We’ll need these vocabulary cards for years to come, so having them digital is great. Flashcards have to be unusually durable to survive long in my house. I do still use physical flashcards for math, but despite my attempts to keep them from getting trampled, I’ve already had to remake them numerous times. Bummer.

The other great part about Brainscape is its “Confidence-Based Repetition” technique. After you look at each card, you can rate on a scale of 1-5 how well you knew the answer. If you didn’t know it very well, Brainscape will give you that card more often, so you have more exposure to the info.

This algorithm, I think, is superior to physical flashcards because it recognizes when you need to practice a few cards within your deck of flashcards. It doesn’t waste time giving you cards you’ve already mastered. The point is to learn things we don’t know, right? I think this app gets it.

There are the resource I use in our homeschool for Latin. Comment below if you have some great resources you’re using!

Rhiannon Kutzer

All posts

No Comments

Leave a Reply

Nice to meet you!

I’m Rhiannon.

You can call me Rhi for short (as in “rejoice”). I’m a fiercely independent homeschooling mom of five, a Navy wife of 13 years, and a creator of various things: articles, a semi-regular newsletter, quilts, furniture, and the occasional knitted scarf. This is the site where I write about our homeschool journey and news and happenings in the homeschool world. more about me.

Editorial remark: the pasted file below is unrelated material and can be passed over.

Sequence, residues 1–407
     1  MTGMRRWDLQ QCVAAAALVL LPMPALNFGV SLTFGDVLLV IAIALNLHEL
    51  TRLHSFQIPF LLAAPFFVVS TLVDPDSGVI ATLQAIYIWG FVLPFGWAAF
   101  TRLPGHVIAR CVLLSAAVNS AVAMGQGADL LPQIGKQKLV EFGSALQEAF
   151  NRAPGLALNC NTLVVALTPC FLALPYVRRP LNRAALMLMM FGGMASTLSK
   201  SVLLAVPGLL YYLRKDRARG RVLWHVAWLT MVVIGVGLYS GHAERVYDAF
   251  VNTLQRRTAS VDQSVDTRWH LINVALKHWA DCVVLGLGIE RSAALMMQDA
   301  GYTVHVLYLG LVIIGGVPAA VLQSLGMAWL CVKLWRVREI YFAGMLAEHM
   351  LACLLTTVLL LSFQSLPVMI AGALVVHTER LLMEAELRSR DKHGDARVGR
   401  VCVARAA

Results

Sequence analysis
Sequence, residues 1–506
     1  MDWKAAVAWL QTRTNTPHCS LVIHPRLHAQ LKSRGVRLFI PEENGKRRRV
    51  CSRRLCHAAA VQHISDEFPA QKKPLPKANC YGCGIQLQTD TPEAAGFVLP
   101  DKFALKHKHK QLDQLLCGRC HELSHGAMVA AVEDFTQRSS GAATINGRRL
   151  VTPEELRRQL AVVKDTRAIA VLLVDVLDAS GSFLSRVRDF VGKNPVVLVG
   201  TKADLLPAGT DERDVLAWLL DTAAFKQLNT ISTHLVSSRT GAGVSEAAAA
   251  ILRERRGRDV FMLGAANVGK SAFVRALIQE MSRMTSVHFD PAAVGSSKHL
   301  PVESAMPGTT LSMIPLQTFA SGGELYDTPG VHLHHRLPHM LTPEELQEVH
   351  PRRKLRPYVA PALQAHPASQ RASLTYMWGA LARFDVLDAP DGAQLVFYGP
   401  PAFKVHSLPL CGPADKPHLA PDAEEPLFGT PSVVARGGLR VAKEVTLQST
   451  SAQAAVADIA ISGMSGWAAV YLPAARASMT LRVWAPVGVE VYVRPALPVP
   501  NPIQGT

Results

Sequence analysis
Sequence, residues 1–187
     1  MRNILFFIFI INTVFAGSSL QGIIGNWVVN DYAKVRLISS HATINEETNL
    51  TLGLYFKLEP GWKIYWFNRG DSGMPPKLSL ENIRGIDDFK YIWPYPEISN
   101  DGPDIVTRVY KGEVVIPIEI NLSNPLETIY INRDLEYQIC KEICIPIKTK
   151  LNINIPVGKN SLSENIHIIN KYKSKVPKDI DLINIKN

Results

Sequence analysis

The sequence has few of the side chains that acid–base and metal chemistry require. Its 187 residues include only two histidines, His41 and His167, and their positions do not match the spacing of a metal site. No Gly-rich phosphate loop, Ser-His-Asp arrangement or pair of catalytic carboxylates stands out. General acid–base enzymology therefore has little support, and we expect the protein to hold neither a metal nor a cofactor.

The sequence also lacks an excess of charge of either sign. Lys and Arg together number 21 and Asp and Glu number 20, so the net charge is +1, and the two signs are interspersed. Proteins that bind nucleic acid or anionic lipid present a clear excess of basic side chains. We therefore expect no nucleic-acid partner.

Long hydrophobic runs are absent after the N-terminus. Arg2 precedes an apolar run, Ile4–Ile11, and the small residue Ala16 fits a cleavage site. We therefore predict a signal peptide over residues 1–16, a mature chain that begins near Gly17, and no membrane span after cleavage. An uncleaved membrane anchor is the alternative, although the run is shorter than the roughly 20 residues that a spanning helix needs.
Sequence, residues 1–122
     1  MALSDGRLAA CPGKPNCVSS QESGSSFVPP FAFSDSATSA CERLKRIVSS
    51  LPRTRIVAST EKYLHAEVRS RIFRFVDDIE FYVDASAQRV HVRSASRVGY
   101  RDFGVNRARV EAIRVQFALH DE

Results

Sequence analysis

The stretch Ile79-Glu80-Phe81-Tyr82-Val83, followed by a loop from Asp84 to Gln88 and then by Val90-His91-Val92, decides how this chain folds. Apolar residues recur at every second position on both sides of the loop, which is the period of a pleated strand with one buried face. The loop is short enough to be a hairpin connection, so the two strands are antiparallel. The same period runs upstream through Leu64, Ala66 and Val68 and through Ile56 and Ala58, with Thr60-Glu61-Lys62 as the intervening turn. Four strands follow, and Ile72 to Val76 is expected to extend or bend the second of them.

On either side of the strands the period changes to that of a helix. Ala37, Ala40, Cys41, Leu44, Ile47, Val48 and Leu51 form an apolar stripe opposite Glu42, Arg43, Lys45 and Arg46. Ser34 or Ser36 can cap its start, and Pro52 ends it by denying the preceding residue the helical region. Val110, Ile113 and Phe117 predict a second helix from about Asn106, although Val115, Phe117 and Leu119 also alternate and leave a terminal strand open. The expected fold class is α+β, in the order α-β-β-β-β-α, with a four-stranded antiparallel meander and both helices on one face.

Subscribe & Follow

Popular Links

Let’s Thrive Together!

Need a shot in the arm for your homeschool? Get Thrive Together, a monthly email that brings you:

--the best of the homeschool blogosphere,
--current homeschool news,
--and great quotes that will refresh your homeschool mama mind.

Latest Posts


  • Fact: The #Navy wife life will kill you if you don’t find support somehow.
Fact: That support will almost 100% of the time be the females around you.
Fact: Our whole family got the flu literally THE DAY Jake’s boat pulled out.
Fact: This little @theglorioustable ditty about crashing our proverbial banana trucks posted the same day. God has a sense of humor. Link also in profile. (
The fact that I am just now getting around to posting about it tells you the extent to which the flu knocked me on my ass. I was in bed for three days straight. I am NEVER this sick.
Fact: If it weren’t for strong, kind, generous WOMEN around me, I probably would have ended up in the hospital and my kids may or may not be alive. The menfolk care too, they just weren’t here. Couldn’t support. Had their own work to do. The mission does not stop for sick families.
Find yourself a tribe if you want to survive. You HAVE to have someone to call. Even if, like me, it’s your mom (who will--wisely--tell you to ask for local help even though you don’t want to be a bother.) I needed prayers, sure, but more than that, I needed local people to literally come to my house and feed my kids and put food in my fridge, be here while I went to the doctor, and put my kids to bed when I was too sick to stay awake a minute longer. A virtual community CANNOT do those things. It can try, but a local community has power a virtual community will never have.
Another post on this topic here: (
#community #Navywifelife #momlife #sisterhood